Local nonprofits clash over proposed trail plans

2 years 10 months 6 days ago Sunday, March 15 2015 Mar 15, 2015 Sunday, March 15, 2015 5:00:00 AM CDT March 15, 2015 in News
By: Hannah Lazo & Berkeley Lovelace Jr., KOMU 8 Reporters
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COLUMBIA - Local organizations have been clashing with the city and with each other, when it comes to deciding the fate of the Hinkson Creek Valley.

PedNet Coalition and It's Our Wild Nature would like to see the GetAbout Columbia funds for the Shepard to Rollins Trail Connection used on different routes.

The city council has four options on the table.

· Option one would include construction of a sidewalk along Bluff Dale Drive to Southwood Drive, and then Southwood Drive would connect with a bike lane on Old 63. A portion of this option would involve constructing a trail through the valley. It would cost $700,000 which is the least expensive of the four.

· Option two would allow an east-west trail constructed between Old 63 and Rollins Street with an entrance south of Shepard Boulevard. The trail would switchback into the valley, run through it, and then back up the other side. Option 2 would cost about $1.5 million.

· Option three would include construction of a new trail running north-south from the new Hinkson Creek bridge down to the northwest corner of the intersection of Stadium Boulevard and Old 63. It would then connect with existing pathways. It is estimated to cost $2.2 million.

· Option four includes updating existing bicycle and pedestrian infrastructure on Stadium between Ashland Road and Old 63. It is the only option that does not go through the Hinkson Creek Valley. It is estimated to cost $900,000.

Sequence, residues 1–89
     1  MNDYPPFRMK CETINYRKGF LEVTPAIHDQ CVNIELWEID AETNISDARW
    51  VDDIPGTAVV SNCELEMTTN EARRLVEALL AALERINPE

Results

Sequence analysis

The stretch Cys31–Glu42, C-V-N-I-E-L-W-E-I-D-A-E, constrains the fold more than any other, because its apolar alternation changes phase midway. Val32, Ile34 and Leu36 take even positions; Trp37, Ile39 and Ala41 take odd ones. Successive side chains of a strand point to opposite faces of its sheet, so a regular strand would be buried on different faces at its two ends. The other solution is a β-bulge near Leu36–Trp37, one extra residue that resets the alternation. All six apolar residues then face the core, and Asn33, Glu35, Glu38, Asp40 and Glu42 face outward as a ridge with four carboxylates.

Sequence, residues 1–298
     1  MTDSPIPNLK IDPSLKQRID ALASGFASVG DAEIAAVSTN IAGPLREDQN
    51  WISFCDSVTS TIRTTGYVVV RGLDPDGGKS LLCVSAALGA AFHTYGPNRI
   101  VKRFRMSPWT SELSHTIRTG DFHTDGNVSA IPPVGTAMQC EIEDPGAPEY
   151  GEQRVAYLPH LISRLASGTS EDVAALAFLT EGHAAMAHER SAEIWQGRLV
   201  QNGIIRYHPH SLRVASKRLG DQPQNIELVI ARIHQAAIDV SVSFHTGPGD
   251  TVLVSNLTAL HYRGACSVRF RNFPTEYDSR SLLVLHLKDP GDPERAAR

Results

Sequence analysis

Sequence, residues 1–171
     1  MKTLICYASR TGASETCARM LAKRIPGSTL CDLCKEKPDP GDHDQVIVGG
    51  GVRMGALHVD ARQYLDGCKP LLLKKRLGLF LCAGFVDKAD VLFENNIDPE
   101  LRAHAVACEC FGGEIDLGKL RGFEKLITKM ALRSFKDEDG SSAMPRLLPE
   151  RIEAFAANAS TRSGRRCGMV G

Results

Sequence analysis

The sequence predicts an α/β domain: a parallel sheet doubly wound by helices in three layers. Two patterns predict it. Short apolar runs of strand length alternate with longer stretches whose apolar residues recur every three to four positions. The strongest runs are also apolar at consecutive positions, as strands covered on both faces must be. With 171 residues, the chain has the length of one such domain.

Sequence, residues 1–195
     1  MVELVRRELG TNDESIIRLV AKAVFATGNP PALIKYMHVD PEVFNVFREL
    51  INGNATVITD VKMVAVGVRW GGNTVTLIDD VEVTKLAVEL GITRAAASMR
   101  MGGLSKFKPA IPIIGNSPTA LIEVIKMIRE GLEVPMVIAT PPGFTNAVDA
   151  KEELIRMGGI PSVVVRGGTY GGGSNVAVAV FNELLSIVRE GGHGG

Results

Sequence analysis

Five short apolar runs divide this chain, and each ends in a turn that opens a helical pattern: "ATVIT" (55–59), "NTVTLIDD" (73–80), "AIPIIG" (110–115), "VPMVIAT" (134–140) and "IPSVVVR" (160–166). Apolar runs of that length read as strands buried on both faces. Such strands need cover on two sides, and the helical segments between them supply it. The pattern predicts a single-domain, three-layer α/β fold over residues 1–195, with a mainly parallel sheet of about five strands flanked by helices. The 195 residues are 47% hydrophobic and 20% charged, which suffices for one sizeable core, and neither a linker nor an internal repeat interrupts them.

Lawrence Simonson, assistant director of PedNet Coalition, said he would like to see option one or option three selected by the city council. If either option were constructed, it would involve building a trail through the valley.

"When we've taken a look at different trail systems, and or the trail options, reviewed the engineering study, we have decided that options one and three have the greatest potential for mode shift," Simonson said. "That's getting people out of their cars and using trails for transportation."

Barbara Wren, executive director of It's Our Wild Nature, said she would like to see more people riding their bikes, but would like to see the valley, which borders her neighborhood, remain untouched.

"Option four stays up on the established pedway on Old 63," Wren said. "So we hope they would build a sheltered pedway for walkers and wheelchairs and there is room for an additional bike lane so you would feel like you are protected from the cars."

The Columbia City Council will make a decision March 16.

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